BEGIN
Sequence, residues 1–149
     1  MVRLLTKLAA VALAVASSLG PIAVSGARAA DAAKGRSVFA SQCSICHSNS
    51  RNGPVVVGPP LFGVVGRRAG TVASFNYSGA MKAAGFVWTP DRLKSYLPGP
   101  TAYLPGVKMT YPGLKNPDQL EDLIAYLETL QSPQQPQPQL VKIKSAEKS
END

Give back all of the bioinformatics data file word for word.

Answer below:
Sequence, residues 1–149
     1  MVRLLTKLAA VALAVASSLG PIAVSGARAA DAAKGRSVFA SQCSICHSNS
    51  RNGPVVVGPP LFGVVGRRAG TVASFNYSGA MKAAGFVWTP DRLKSYLPGP
   101  TAYLPGVKMT YPGLKNPDQL EDLIAYLETL QSPQQPQPQL VKIKSAEKS